What is compassion-based therapy?
To answer this question we first need to look at what we mean by compassion and self-compassion.
Compassion involves feelings of acceptance, empathy, warmth, kindness, caring and a wish to relieve suffering. Self-compassion involves these same qualities turned towards yourself, particularly when you feel painful emotions, or when you feel strongly self-critical.
Kristin Neff, a psychologist and academic who has specialises in this area, breaks self-compassion down into three key elements:
- Mindfulness which is balanced, nonattached awareness.
- Common Humanity which is the recognition that as humans we are all vulnerable and imperfect and that pain is a part of being alive; remembering this helps us to feel connected rather than isolated.
- Self-kindness which encompasses a friendliness and understanding towards oneself as opposed to harsh self-judgment and attack.
Why is self-compassion so important?
Research by Neff and others shows that self-compassion is associated with reduced anxiety and depression and with greater emotional coping skills, feelings of social connectedness, life satisfaction, health related behaviours and enhanced relationships.
The history of self-compassion
The cultivation of compassion has been integral to Buddhist psychology and other contemplative traditions for thousands of years. In contemporary psychology, the recognition of the value of compassion as a mechanism of change in psychotherapy has been growing over recent years. Exercises designed to evoke compassion have been integrated into well-established therapies such as Cognitive Behaviour Therapy (CBT), Dialectical Behaviour Therapy (DBT) and Acceptance and Commitment Therapy (ACT).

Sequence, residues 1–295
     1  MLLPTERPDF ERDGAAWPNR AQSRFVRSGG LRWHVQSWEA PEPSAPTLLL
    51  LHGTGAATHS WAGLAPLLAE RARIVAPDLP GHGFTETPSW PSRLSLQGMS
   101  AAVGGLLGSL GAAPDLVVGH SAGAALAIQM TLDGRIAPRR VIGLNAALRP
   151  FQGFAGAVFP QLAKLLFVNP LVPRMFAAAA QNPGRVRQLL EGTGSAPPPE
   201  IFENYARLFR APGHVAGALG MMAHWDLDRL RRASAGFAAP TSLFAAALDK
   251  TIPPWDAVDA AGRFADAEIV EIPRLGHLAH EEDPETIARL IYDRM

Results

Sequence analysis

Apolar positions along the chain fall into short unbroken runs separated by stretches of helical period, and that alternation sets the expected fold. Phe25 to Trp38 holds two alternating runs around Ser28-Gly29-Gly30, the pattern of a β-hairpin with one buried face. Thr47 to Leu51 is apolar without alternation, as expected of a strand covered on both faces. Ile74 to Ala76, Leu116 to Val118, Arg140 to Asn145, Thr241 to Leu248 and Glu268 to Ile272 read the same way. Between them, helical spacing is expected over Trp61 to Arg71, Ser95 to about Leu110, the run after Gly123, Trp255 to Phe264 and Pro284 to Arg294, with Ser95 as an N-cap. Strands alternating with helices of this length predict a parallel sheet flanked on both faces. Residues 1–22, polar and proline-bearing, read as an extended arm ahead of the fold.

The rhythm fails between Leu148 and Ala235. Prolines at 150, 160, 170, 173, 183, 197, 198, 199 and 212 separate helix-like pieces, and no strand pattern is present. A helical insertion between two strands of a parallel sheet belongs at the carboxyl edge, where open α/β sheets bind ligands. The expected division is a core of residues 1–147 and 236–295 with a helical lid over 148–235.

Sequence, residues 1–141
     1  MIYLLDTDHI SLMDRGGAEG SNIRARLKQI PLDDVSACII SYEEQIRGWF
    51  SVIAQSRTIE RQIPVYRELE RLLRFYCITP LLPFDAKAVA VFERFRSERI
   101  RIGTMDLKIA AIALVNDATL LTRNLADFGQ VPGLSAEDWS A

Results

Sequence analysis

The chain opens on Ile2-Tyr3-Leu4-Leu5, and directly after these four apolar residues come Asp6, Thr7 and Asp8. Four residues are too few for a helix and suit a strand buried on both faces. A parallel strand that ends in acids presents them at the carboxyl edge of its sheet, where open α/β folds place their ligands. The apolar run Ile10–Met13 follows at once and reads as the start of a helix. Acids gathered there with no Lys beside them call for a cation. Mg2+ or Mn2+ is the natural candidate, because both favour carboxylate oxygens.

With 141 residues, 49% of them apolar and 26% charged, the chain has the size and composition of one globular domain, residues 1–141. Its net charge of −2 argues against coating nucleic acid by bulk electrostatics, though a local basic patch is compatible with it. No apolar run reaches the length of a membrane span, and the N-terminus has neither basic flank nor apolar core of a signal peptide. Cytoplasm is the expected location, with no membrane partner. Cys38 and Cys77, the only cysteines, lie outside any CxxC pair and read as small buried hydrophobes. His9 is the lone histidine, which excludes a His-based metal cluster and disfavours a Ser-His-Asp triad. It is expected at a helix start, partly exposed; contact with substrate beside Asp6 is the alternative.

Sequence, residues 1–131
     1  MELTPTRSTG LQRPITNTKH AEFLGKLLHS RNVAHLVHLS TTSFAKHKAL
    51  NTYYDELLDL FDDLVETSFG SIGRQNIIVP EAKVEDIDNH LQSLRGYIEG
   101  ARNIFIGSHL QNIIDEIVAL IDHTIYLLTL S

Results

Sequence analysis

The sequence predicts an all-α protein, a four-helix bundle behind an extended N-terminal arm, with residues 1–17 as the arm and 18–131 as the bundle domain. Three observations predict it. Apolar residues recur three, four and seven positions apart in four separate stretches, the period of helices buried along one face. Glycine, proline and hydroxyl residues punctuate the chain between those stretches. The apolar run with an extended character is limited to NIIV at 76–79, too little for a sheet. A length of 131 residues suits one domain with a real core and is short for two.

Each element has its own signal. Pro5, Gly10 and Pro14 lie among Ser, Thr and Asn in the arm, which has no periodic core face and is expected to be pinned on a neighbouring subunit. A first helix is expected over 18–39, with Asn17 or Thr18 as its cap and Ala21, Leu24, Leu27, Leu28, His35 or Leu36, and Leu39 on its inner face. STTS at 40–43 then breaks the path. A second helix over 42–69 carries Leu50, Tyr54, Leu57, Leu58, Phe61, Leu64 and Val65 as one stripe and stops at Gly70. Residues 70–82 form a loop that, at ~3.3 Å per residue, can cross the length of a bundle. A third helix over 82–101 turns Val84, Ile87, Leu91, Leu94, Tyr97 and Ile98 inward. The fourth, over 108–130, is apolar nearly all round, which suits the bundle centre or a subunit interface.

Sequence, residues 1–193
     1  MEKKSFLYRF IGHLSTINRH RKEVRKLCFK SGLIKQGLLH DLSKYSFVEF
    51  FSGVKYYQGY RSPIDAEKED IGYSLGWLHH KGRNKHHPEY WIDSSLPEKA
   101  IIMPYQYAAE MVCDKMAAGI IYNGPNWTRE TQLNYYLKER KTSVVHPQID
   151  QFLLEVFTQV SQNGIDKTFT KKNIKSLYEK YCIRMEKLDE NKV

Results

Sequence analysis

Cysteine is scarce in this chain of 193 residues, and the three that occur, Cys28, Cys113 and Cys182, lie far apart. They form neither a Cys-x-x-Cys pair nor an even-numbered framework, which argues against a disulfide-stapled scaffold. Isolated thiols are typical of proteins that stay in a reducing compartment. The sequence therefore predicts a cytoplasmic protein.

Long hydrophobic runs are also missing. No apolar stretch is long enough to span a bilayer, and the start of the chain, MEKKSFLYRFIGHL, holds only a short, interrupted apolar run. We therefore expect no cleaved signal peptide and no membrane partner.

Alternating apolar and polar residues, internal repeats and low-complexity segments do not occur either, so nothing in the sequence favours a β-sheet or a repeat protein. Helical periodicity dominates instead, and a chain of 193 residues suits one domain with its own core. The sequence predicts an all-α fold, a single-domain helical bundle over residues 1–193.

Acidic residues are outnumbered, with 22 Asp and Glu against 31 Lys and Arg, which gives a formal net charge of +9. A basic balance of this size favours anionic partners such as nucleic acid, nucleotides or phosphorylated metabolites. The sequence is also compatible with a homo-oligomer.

So what does compassion-based therapy involve?
Compassion-based approaches offer us insight into how the human brain has evolved, the functions of emotions and the influence of our early relationships on our coping strategies and the course of our lives. Understanding these things can help us to see that emotional difficulties are not our fault, and can also help us to resolve unhelpful patterns of self-blame and shame. This style of therapy also involves identifying and resolving the barriers to compassion that people commonly experience. There is an emphasis on the emotional, felt experience of warmth, kindness and understanding towards yourself.
Compassion-based approaches give us the skills to balance strong, uncomfortable emotions with our natural capacities for soothing, tenderness, warmth, befriending, social connection and contentment. Attention training, mindfulness, compassionate refocusing and imagery are all used to evoke compassionate states of mind and to develop an inner compassionate sense of self. Mindfulness skills in particular help people to be aware of painful thoughts and feelings without necessarily buying into them or over-identifying with them. This inner compassionate self can create a safe base when painful thoughts, feelings and memories arise.
Compassion-based therapy at Inner Melbourne Clinical Psychology
Compassion is something that many of us could do with more of in our lives, so most of the psychologists on our team incorporate aspects of this approach into their work with clients.
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Thank you to Helen Shepherd who helped to create the content for this page.